“Content is King”…”Create high-quality content”…”Blog regularly and consistently”…”Write for your audience”…”Content is Content.”
We’ve heard it all before, and I’m sure many of you are bored of hearing it.
But before we even think about how to write content, how to structure it and where to promote it, let’s go back to the very beginning of the process.
What should you write about? Where can you find content ideas?
Idea creation is one area where most people struggle. But many people forget that the easiest and quickest way to find content ideas is on a website that we all use every day.
All you have to do is go to Google, think of the keywords or search query your audience uses around your topic and combine that with the various search “hacks” that are listed below.
On top of that, you should also look at the search results to see if you can improve the existing content that has already been created.
No expensive tools, no constant checking of your RSS feeds, no scraping the barrel to find ideas, no expensive tools need to be purchased.
Just use Google.
Word of Advice
When looking at the different search techniques below, there are 4 things to take into consideration:
- What keywords are relevant to your industry and apply them
- Think of how you can use a combination of the search hacks below to find unique content ideas.
- Look at the search results and the websites that are ranking to see if you can improve or repurpose existing content. There are several ways you can do that:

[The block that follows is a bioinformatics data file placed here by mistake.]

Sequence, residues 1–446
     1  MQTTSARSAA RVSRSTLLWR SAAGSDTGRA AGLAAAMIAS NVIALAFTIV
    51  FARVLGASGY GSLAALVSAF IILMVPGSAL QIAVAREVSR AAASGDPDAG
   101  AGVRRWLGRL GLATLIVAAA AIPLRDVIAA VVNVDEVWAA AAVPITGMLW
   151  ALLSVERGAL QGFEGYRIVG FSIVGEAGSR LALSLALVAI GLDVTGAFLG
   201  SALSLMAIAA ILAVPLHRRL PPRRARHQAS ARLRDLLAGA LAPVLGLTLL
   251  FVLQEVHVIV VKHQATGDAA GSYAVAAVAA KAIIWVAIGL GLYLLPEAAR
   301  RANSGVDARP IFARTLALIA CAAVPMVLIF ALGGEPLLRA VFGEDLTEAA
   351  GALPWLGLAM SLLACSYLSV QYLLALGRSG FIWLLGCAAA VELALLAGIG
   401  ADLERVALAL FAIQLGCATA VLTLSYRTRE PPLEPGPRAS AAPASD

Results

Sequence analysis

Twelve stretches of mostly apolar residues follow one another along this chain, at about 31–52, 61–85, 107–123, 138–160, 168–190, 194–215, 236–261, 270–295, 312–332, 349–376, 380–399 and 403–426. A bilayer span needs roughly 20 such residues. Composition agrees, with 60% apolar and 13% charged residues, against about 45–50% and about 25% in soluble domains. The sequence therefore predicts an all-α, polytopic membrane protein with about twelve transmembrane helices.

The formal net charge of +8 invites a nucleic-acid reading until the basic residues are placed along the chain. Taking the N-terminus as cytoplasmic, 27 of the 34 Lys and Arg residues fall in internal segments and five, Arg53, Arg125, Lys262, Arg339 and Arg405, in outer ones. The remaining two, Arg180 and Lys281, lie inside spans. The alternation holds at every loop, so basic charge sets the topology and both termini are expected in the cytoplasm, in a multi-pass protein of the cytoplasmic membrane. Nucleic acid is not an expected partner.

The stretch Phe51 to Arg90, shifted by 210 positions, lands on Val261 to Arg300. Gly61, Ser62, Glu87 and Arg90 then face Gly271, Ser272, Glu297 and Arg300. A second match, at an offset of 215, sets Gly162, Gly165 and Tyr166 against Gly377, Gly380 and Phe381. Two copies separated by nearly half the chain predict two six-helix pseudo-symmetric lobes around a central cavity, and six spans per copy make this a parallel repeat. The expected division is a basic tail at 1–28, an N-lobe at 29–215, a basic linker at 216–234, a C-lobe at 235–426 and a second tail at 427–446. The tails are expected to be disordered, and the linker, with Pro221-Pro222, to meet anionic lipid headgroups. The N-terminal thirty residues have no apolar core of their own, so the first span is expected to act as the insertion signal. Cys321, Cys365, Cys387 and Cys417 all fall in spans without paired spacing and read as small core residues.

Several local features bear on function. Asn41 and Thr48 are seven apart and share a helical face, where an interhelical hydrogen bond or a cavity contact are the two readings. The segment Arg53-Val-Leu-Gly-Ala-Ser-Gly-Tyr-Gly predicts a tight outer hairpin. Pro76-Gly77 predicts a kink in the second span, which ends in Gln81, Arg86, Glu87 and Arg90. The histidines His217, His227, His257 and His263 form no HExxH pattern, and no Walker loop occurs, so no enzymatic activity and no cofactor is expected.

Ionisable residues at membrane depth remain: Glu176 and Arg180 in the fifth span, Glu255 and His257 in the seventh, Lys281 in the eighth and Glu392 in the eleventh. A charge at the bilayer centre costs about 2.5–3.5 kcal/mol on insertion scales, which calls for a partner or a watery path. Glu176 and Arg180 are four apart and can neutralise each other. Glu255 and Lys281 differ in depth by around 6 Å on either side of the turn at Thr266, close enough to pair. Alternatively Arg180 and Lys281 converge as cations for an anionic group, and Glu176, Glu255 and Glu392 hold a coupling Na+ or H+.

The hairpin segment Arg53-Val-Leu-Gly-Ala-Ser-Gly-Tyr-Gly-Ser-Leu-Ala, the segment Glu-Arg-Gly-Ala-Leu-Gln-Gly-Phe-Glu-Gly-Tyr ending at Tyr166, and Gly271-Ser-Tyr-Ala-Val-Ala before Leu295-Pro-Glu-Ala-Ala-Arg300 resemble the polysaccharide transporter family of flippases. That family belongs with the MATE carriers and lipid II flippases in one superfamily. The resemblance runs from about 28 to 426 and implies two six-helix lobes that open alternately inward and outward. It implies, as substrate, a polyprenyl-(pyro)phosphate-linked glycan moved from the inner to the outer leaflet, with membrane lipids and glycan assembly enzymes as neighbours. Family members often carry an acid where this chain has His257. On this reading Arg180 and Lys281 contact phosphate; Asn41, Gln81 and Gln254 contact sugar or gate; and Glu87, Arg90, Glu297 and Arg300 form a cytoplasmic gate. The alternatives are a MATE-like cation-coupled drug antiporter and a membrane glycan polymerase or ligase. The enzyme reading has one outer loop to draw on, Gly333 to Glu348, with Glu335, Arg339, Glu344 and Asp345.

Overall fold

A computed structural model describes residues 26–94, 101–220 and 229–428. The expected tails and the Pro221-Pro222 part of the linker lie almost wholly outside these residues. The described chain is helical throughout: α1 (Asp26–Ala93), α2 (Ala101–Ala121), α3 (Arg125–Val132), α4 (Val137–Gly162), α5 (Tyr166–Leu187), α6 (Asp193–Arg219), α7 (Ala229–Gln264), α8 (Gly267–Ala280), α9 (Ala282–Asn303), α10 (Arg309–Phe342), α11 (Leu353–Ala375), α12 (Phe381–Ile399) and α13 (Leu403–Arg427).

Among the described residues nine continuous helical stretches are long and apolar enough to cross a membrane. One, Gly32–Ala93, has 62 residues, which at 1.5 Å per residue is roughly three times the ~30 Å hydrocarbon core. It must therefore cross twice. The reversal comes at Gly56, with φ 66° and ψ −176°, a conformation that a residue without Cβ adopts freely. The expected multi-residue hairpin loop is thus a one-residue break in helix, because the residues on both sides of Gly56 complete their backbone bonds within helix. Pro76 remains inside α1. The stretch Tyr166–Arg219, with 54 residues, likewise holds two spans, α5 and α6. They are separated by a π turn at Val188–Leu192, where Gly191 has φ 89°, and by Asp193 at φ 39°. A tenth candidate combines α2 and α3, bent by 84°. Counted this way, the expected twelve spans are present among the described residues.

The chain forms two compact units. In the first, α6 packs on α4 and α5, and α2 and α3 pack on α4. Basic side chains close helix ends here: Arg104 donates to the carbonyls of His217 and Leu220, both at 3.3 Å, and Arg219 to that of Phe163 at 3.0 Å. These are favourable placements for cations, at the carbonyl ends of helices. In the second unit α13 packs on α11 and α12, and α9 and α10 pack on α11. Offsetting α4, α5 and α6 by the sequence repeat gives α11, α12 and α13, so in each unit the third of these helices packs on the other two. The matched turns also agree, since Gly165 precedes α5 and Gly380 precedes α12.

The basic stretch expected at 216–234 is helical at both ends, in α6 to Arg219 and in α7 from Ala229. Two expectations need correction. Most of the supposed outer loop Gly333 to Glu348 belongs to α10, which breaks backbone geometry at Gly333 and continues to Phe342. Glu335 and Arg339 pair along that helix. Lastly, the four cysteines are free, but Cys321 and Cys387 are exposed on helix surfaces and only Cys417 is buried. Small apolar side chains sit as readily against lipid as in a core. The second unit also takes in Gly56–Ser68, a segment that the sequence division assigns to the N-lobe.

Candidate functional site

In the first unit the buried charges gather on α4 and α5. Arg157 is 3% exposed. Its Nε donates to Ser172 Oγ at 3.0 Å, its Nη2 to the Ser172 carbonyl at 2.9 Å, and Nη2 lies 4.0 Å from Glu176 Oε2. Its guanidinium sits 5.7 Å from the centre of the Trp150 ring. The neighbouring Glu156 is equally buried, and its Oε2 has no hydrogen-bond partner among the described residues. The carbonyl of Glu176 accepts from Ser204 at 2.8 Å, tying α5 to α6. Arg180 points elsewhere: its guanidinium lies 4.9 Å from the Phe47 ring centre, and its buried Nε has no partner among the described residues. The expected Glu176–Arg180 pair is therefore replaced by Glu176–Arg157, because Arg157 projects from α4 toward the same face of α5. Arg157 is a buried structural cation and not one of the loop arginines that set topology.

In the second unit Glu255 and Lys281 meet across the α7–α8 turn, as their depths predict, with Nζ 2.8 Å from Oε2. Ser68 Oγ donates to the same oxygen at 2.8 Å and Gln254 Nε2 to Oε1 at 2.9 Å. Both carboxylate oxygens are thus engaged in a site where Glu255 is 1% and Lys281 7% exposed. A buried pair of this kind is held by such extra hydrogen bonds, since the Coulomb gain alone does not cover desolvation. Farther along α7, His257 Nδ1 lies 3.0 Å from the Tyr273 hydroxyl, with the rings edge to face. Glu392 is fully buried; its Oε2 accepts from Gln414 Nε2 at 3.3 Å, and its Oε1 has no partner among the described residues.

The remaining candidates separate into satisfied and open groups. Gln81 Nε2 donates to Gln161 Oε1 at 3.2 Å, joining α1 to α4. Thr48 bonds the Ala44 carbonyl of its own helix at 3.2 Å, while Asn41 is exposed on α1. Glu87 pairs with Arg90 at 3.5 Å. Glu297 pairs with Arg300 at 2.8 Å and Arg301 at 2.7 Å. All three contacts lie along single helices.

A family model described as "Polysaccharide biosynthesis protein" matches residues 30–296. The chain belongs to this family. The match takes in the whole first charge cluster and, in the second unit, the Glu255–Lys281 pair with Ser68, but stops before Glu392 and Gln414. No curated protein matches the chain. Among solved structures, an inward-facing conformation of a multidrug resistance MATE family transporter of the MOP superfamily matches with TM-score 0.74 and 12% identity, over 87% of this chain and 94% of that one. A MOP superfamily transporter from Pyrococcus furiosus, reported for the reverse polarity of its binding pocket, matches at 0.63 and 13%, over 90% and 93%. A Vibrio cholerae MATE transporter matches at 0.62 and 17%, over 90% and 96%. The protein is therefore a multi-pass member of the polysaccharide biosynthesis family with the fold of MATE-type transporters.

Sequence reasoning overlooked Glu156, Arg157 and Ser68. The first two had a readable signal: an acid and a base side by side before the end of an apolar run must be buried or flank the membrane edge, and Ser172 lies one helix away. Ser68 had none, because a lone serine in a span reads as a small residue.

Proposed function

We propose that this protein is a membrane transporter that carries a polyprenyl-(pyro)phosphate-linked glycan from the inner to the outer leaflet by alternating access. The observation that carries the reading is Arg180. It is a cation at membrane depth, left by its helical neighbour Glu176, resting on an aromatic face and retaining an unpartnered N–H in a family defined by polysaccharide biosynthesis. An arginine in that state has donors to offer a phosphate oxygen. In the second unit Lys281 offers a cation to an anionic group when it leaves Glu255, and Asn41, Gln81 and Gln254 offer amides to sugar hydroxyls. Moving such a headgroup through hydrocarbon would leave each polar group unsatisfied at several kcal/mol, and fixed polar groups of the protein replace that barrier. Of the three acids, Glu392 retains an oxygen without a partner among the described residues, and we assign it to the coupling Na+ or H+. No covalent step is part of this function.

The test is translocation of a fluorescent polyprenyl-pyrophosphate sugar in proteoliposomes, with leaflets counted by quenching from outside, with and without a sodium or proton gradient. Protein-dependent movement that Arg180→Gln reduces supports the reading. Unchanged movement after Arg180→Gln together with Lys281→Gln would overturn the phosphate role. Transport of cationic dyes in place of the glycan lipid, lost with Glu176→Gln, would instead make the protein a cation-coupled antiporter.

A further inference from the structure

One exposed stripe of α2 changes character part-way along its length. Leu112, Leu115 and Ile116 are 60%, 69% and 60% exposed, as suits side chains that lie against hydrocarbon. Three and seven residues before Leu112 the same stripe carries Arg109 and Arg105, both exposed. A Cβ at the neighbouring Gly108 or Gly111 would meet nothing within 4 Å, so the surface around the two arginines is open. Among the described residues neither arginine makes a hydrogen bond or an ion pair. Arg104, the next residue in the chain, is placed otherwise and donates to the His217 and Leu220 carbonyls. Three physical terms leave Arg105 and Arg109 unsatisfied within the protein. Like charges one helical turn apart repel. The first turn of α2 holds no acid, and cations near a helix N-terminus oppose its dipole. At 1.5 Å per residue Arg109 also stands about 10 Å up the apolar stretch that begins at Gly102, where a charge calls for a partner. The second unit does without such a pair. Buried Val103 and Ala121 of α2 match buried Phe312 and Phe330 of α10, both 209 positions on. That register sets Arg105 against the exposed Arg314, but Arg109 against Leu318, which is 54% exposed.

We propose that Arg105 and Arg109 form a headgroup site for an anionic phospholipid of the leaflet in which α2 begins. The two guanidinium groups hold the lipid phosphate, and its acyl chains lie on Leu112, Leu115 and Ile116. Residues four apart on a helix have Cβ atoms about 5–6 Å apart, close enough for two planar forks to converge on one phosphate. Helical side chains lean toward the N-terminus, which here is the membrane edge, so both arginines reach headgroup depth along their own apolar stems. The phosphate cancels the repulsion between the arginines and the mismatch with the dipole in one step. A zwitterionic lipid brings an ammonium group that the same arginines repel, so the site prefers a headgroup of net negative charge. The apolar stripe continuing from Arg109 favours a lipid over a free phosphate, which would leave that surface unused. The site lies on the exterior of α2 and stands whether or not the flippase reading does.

- Make it more detailed
- If it’s old or out-of-date, update it with fresh and newer content
- Change its format e.g. create an audio (podcast) or video (vlog) version, make it more image-based (i.e. infographic), add interactive elements, create a whitepaper or an ebook, etc.
- Add your perspective by offering your opinion and back it up
- Make use of the search filter at the top of the search results: All, Videos, News, Images, Books, etc.
1. Search and Look at “Autocomplete”
Google’s autocomplete is where you find search predictions and “possible search terms you can use that are related to the terms you’re typing and what other people are searching for”.
As it is based on some factors, like the popularity and freshness of search terms, it can change over time.
Here are how you can gain basic ideas for content creation.
Notice how if you change the letter at the end of the search query, you get different ideas within the autocomplete features.
2. Search, Click on Result and Click on Search Bar Again
A small trick that most people don’t know about:
- type what you are searching for in the search bar,
- look at the autocomplete available first time round,
- click on one of the search predictions or press the return key,
- click on the search bar with your mouse again,
- you will find that the autocomplete is different to the first time round.